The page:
Tanzania's Magufuli on warpath with oil companies

Standoff over profit-sharing will affect the proposed $30 billion natural gas project.

A natural gas processing plant. Standoff in Tanzania over profit-sharing will affect the proposed $30 billion natural gas project. PHOTO | AFP 

IN SUMMARY

  • President Magufuli said the country is unable to generate electricity from its natural gas reserves because the companies have taken full control of the resources.
  • The companies involved in the LNG project are Shell, Ophir, Pavilion, Statoil and Exon Mobil.
  • Standoff over profit-sharing will affect the proposed $30 billion natural gas production project.

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Tanzania’s liquefied natural gas project suffered another setback this week after President John Magufuli accused the international oil and gas companies of seeking huge profits at the expense of the country’s development.

President Magufuli spoke in Musoma on Wednesday in the wake of the collapse of the host government’s negotiations with the international companies, which has left the $30 billion project in limbo.

He told a rally that the country was unable to generate electricity from its natural gas reserves because the companies have taken full control of the resources and asked Tanzanians to back the Stiegler’s Gorge hydro project, which has been facing opposition from environment activists and aid agencies.

President Magufuli accused the companies of demanding a high percentage of the proceeds from the LNG, and said that the government would continue with its plan to develop the Stiegler’s Gorge project, which is expected to generate 2,100MW.

“Donors are opposing the project, asking why we are not using natural gas. But the International Oil Companies (IOCs) have taken over the natural gas… They take a high percentage of the proceeds because they participated in discovering the gas. That is why the capacity of the pipeline the government built from southern Tanzania to Dar es Salaam is only 30 per cent. That is the game being played by the people who want to colonise us economically,” President Magufuli said.

He said that even if donors froze funding for the hydro project being developed on the River Rufiji, his government would implement it using its own revenues.

“In fact,” he said, “we already have the money for it!”

Recently, the Tanzania Petroleum Development Corporation (TPDC), which is charged with overseeing the implementation of the project, blamed the IOCs for failure work out on a commercial framework Agreement (CFA). A CFA is an accord between businesses, establishing the terms governing a contract.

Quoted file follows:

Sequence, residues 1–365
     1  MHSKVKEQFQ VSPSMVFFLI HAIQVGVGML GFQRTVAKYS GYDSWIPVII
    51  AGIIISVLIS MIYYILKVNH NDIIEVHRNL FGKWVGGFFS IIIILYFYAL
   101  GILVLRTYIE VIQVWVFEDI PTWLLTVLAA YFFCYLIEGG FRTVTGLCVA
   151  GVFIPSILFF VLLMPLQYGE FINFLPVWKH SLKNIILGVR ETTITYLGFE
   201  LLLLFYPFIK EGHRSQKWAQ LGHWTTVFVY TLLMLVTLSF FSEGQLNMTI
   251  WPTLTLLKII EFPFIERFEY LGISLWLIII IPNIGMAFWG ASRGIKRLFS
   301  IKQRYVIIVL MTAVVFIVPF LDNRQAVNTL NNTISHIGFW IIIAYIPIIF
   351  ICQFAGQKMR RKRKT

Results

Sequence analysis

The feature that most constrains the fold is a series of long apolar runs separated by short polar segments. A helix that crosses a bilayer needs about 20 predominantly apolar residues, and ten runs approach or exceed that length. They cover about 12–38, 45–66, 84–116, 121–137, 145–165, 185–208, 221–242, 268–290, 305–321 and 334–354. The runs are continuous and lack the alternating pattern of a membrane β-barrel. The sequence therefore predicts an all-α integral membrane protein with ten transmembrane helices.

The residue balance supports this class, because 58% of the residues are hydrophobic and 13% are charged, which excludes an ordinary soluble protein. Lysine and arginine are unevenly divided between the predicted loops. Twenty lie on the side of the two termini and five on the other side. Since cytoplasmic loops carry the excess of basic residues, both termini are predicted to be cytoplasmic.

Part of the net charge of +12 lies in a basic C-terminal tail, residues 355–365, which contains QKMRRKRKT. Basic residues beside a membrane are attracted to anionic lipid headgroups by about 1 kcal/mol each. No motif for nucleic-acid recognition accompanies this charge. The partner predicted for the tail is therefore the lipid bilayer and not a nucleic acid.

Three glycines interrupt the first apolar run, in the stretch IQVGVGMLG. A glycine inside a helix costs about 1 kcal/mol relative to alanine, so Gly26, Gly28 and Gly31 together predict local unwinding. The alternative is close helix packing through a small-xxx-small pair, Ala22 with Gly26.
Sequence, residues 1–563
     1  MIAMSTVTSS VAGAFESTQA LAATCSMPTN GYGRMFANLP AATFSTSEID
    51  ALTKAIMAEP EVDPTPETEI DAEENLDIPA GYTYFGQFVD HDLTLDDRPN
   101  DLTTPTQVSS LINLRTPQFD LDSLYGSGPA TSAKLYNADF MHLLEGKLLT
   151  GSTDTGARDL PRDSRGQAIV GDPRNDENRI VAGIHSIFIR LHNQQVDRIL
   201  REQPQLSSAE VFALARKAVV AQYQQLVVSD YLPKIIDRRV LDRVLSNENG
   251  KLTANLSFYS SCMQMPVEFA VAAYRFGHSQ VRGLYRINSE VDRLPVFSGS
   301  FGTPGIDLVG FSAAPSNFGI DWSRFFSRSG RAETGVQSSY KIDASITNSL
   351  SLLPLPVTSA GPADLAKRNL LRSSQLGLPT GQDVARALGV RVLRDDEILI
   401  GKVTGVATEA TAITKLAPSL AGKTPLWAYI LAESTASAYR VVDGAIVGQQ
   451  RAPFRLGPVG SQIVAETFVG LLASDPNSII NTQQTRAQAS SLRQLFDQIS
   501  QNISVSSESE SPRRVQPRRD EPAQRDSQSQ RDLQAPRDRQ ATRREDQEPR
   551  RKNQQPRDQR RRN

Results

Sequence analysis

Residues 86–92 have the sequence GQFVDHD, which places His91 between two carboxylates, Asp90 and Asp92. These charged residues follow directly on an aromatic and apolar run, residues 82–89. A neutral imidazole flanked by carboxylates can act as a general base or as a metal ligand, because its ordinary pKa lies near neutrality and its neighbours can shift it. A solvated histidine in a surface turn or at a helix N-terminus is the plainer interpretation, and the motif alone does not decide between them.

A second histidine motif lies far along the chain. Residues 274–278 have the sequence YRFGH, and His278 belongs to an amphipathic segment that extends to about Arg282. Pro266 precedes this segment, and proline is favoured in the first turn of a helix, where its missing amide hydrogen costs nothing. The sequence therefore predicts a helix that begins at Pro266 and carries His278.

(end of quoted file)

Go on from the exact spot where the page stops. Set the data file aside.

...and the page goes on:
The companies involved in the LNG project are Shell, Ophir, Pavilion, Statoil and Exon Mobil. The companies' original business plan was to generate gas for export to their existing markets, but the Magufuli administration wants a new business model that would see them export to the Southern African Development Community market.

Observers say that this will not only help deal with competition for the gas market from Mozambique, but also give Dar an upper hand in the region’s geopolitics.

Mozambique has more than 180 trillion cubic feet of gas reserves with the potential for this being doubled by 2030, compared with Tanzania’s 57 tcf. Mozambique has an 865km pipeline to South Africa.

TPDC acting director-general Kapuulya Musomba told The Citizen that although the process of establishing an LNG plant started over a year ago, it is yet to be finalised due to differences between the government and the IOCs over the commercial framework Agreement.

“The companies have failed to come to an agreement and, therefore, TPDC is sorting out the cause of the disagreements before we start the negotiations afresh,” he said.

Noting that an LNG plant is a costly project on which all the parties must come to an agreement before it takes off, Mr Musomba said: “If we rush matters, we could arrive at a poor decision that would adversely affect the project. We have no choice but to find common ground.”

The government has been dilly-dallying with the renewal of the operating licences for the IOCs, which expired early this year, letting them operate using provisional licences.

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